Note to self: Self, you are very lucky. There is no snow on your roof. The air temperature today was close to 60 degrees. You walked on the beach today. Do no complaining, Self.
Note to friends in northern climes: Friends, I wish you were all here.
We attended a clinic today at the Environmental Education Center at GTMMER. It was conducted by one of the guys who works at Guana, a self-taught amateur fossil collector like many of us named Jake, and a good time was had by all. Our friends Suzanne and Chuck came down (we were sorry to miss Ray and JoAnne - feel better soon, Ray!) and we spent an hour or so comparing some of our favorite finds and learning from Jake and each other. One gentleman had what Jake thought might be a sperm whale tooth, collected many years ago from a beach in the Bahamas.
It must have been 6 inches long, or more, and was quite amazing. Another lady brought the beautiful white turtle shell you see in the photo.
Jake's own collection included some examples of fossilized pieces we've all found but identified with varying degrees of accuracy. He took us through a thoughtful presentation, but spent a good deal of time poring over our pieces, identifying where he could and honestly admitting where he couldn't. Perhaps the most exciting piece we talked about was a jawbone with one tooth remaining in it, brought by Suzanne. Since it was Suzanne who first made me realize that the dull old sharks's teeth we'd collected for years were actually relics of planetary history dating back thousands of years, I took special pleasure in finding that the jawbone was mostly likely that of a jaguar, and probably more than 12,000 years old.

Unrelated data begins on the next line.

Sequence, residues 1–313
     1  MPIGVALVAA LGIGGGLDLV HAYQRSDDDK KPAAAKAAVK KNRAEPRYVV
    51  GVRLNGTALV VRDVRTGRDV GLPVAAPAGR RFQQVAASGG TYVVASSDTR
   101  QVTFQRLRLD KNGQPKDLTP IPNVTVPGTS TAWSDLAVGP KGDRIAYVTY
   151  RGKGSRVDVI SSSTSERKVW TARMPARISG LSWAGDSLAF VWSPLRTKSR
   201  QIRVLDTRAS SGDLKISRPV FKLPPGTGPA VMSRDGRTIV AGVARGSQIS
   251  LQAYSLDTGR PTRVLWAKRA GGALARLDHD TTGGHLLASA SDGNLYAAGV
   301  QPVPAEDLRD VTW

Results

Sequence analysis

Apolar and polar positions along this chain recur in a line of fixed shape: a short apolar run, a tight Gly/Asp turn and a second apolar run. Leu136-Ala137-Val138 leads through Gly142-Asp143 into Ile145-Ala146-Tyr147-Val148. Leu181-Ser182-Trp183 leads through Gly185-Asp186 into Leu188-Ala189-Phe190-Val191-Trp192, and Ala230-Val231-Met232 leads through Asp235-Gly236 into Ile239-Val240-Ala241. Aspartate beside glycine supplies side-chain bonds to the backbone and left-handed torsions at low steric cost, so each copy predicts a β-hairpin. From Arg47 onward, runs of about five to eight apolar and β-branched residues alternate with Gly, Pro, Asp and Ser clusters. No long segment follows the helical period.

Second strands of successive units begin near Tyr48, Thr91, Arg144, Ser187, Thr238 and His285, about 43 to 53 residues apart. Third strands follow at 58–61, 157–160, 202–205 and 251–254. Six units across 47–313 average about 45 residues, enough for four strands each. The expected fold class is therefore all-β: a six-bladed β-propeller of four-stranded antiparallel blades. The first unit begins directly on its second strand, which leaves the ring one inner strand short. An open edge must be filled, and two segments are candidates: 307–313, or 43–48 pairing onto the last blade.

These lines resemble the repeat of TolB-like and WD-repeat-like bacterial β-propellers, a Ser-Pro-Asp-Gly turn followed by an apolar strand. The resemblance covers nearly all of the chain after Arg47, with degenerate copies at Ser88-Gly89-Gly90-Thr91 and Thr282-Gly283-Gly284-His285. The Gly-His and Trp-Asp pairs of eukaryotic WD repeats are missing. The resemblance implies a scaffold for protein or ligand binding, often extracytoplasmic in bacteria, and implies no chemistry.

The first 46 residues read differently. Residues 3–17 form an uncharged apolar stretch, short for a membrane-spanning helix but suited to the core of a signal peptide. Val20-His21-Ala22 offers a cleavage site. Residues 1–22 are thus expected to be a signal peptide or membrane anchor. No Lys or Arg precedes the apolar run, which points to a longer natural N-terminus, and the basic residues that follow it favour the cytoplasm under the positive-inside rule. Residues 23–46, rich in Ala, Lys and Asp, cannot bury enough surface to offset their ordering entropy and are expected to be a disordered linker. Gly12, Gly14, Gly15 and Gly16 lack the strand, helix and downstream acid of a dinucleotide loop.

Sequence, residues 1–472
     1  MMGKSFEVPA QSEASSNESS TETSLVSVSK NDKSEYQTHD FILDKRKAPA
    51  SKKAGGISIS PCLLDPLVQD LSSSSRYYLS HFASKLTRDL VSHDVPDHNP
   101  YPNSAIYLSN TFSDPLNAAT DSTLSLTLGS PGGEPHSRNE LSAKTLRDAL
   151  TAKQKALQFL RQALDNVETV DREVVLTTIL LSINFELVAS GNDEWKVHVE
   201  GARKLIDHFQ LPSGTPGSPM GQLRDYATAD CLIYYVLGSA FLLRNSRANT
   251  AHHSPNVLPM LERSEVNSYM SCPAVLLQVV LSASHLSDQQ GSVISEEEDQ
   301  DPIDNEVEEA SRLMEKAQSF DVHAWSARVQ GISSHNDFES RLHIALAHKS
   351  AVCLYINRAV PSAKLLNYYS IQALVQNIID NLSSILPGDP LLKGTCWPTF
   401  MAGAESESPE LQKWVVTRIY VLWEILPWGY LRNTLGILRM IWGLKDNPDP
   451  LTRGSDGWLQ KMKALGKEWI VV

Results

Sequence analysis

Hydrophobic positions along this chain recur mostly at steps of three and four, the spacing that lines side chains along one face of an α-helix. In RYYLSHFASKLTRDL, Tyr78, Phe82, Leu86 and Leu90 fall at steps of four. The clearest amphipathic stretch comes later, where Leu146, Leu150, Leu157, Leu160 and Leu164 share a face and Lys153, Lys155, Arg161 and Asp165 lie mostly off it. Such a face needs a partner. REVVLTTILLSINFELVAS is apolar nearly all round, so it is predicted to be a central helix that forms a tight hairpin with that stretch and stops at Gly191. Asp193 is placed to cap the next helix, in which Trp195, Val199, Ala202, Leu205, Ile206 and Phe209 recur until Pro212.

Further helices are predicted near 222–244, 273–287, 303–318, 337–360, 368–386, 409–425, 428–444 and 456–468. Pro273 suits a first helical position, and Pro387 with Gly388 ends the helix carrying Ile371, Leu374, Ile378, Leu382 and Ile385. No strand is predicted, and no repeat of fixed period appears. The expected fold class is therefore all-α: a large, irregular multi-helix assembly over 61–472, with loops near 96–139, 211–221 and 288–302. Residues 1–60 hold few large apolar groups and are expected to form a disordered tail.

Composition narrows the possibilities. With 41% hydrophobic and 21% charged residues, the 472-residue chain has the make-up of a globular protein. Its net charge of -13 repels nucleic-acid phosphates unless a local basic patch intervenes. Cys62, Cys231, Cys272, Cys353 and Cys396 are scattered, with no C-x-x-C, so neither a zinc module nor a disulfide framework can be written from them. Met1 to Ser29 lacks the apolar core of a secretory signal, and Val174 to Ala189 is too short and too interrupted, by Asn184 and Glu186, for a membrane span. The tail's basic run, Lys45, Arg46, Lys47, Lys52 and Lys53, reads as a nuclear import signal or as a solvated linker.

It's a terrible photo, taken with my phone, but you get the idea. Interestingly, we have a tooth, found some years ago along the beach in Guana, that almost looks like it might fit into that piece of jaw.
The room at Guana's EEC was full of people. There were old veterans of the beach walk, incidental collectors, people of our age and older, and, delightfully, at least a couple of young fans, one of whom shyly asked several questions and another of whom came in late and asked for help identifying the species of sharks from which her carefully gathered collection of teeth had their genesis. My dear old person and I stopped on the way out to donate a piece we'd found last weekend. It looked like an arrowhead, and so might well be an artifact of an ancient native people, although when we picked it up, it looked like a piece of rock. When it was cleaned up, we started to think it mightn't be an animal fossil, so we left it in the care of the Guana team. From there we set off for the beach, and walked 2 or 3 miles into a chilly northwest wind under a bright blue sky skirted with wind-brushed white clouds. It was a lovely Saturday. I do hope yours was at least as fine.